< Copy the templates I’ve mentioned here >
We all know how many life coaches have grown in this pandemic.
It shows how much the demand and the number of life coaches have increased over the years. Especially since the lockdown, we need more support for our personal growth than ever before.
With a growing number, I see so many new life coaches struggle to get their first paid client.
In this post, we will cover how to get your first paid client as a coach. We will use the Rich Litvin method of creating clients, which will be the premise of all four ways I will mention in this article.
The method isn’t about “getting” clients, it’s about “creating” clients. Here’s the video for reference —
Step 1 is to connect with the kind of people you want to serve. You can send them a connection request on LinkedIn. Do not pitch, propose, or even invite them for anything yet.
You can ask someone else to connect you with them. Build a connection, engage with their social media, and have a chat — be welcoming, humorous, and inviting in your nature.
Invite means inviting them for a conversation — tell them you do XYZ coaching and help with XYZ, and you are curious to have that kind of conversation with them.
Ask if they would be willing or interested to have that conversation, and then invite them for one.
Serve and coach the people you invite so powerfully that they never forget the conversation for the rest of their life.
After you feel that you have served them enough, at one point, either they will ask how can we do this more, or you ask for permission if they would like to work with you more like for x more weeks or months.
Propose a package. For starters, make your offers simple such as $500 for 2 weeks or $3000 for 3 months. Tell them what it takes to work with you.
4 Ways of creating your first coaching client
Based on this premise, there are 4 ways you can create your first paid client.
1. Reach out to your contacts and your current network
Instead of pitching to your friends or colleagues, ask for a favor that you need some help with creating clients. Here, as you can see in the template attached.
You can use this template from my program Life Coaching 101 week 2 module — text your friends, colleagues, and your current network.
It does not mean that you are being salesy — you are not asking them if they need help; you are only asking if they know someone who needs help. And sometimes, they might be the person who needs help.
What you are doing essentially is inviting them for a conversation, or you are asking them for referrals; if they know someone who might use some help.
Besides, it is a win-win situation for both of you. They can connect two people — one who is offering the help and one who needs it.
2. Create content and use PS/ CTA to invite
You don’t need to change the bio section on your profile right away.
Create content about becoming a life coach, and either at the bottom of the post or in the comment section put up a CTA (Call to action).
You can use something like this —
PS — I have opened up a few slots in my calendar to help people with XYZ topics, so if you are one of them, please drop me a message with the word ‘coaching’ and let us have a conversation.
Interested people will contact you.
For reference, here is a screenshot of my LinkedIn post about becoming a life coach.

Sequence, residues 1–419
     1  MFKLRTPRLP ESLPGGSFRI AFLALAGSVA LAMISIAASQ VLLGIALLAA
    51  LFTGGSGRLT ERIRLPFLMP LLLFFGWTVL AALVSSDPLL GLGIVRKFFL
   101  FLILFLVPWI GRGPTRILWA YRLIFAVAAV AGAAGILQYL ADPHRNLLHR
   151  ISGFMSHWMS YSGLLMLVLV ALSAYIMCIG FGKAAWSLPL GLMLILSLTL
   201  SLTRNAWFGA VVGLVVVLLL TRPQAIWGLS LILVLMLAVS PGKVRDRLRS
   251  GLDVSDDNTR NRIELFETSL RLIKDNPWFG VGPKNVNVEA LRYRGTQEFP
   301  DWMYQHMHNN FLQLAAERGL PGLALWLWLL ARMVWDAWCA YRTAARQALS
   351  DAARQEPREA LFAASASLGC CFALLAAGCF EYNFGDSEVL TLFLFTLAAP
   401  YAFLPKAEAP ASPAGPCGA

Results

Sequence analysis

As you can see, I have nowhere mentioned (yet) that I am a business coach or training new coaches but added a CTA in the comment section that I help professionals become 6-figure life coaches and put up a free consultation link to invite.
Two people used this opportunity and booked a call with me. Great, right?
This shows you can simply create content first instead of changing your profile bio and about me sections on your social media.
3. Use Facebook and WhatsApp groups to offer pro-bono sessions
You can offer pro-bono sessions on relevant Facebook and WhatsApp groups. For example, your coaching helps entrepreneurs improve their focus, so search groups around entrepreneurs and side hustlers.
You can make a direct post like —
As a goodwill gesture, I am offering pro-bono sessions to 5 people about XYZ topics. If you are interested in it, drop me a message. Let’s have a conversation.
You have to be careful. Don’t spam. Make sure you understand the rules of these individual groups before you post about offering pro-bono sessions.
4. Offer a giveaway on LinkedIn
This is a new and interesting one — offer a giveaway on LinkedIn.
I recently tried this, as you can see in the attached screenshot —
38 people participated in my giveaway, where I offered one slot as a giveaway to work with me.
One person will get to work with me as a giveaway, and at the same time, I got 37 leads of people who are interested in learning about being a life coach.
This would be my moment to reach out to these interested people personally and build a relationship. Down the line, this would mean a few clients too.
We have seen a surge of new life coaches in this pandemic, many of whom struggle to get their first paid client.
And so, if you are a new life coach, based on Rich Litvin’s four-step method of creating clients — connect, invite, serve, and propose, you can follow mentioned four ways to get your first paid client.
- Instead of pitching, text your friends, colleagues, and current network, and ask as a favor if somebody in their circle needs help that you are offering.
- Rather than updating your profile bio on social media first, create relevant content and use CTA/PS to invite.
- Join relevant Facebook and WhatsApp groups and offer pro-bono sessions to a set number of people and serve them so powerfully they never forget the conversation ever.
- Use LinkedIn to offer a giveaway — connect and work with people interested in what you are offering.
Ready to become a six-figure coach from scratch?
Book a free consultation call with me here.